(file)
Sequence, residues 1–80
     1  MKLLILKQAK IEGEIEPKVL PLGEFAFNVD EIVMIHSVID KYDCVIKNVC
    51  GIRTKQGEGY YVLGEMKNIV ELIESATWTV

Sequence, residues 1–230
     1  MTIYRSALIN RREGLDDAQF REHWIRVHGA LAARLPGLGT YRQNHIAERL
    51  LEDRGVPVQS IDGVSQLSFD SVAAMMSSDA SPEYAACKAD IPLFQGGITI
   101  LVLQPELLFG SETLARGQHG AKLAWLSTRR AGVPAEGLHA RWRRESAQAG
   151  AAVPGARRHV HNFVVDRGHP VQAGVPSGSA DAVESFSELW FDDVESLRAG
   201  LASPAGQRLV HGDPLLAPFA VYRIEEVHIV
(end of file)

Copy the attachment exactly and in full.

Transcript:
Sequence, residues 1–80
     1  MKLLILKQAK IEGEIEPKVL PLGEFAFNVD EIVMIHSVID KYDCVIKNVC
    51  GIRTKQGEGY YVLGEMKNIV ELIESATWTV

Sequence, residues 1–230
     1  MTIYRSALIN RREGLDDAQF REHWIRVHGA LAARLPGLGT YRQNHIAERL
    51  LEDRGVPVQS IDGVSQLSFD SVAAMMSSDA SPEYAACKAD IPLFQGGITI
   101  LVLQPELLFG SETLARGQHG AKLAWLSTRR AGVPAEGLHA RWRRESAQAG
   151  AAVPGARRHV HNFVVDRGHP VQAGVPSGSA DAVESFSELW FDDVESLRAG
   201  LASPAGQRLV HGDPLLAPFA VYRIEEVHIV